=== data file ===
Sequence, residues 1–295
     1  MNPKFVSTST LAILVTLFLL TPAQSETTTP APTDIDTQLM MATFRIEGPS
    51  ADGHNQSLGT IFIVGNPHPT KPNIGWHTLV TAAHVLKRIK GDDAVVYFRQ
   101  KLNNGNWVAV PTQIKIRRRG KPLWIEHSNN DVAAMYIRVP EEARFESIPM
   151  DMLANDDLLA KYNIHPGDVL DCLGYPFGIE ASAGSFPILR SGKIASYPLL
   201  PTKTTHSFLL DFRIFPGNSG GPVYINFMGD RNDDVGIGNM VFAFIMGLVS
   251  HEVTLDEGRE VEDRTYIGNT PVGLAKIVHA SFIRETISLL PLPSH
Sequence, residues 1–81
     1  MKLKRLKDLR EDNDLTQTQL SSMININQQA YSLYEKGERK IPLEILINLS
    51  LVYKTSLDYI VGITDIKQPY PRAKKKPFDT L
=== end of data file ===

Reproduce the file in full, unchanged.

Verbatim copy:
Sequence, residues 1–295
     1  MNPKFVSTST LAILVTLFLL TPAQSETTTP APTDIDTQLM MATFRIEGPS
    51  ADGHNQSLGT IFIVGNPHPT KPNIGWHTLV TAAHVLKRIK GDDAVVYFRQ
   101  KLNNGNWVAV PTQIKIRRRG KPLWIEHSNN DVAAMYIRVP EEARFESIPM
   151  DMLANDDLLA KYNIHPGDVL DCLGYPFGIE ASAGSFPILR SGKIASYPLL
   201  PTKTTHSFLL DFRIFPGNSG GPVYINFMGD RNDDVGIGNM VFAFIMGLVS
   251  HEVTLDEGRE VEDRTYIGNT PVGLAKIVHA SFIRETISLL PLPSH
Sequence, residues 1–81
     1  MKLKRLKDLR EDNDLTQTQL SSMININQQA YSLYEKGERK IPLEILINLS
    51  LVYKTSLDYI VGITDIKQPY PRAKKKPFDT L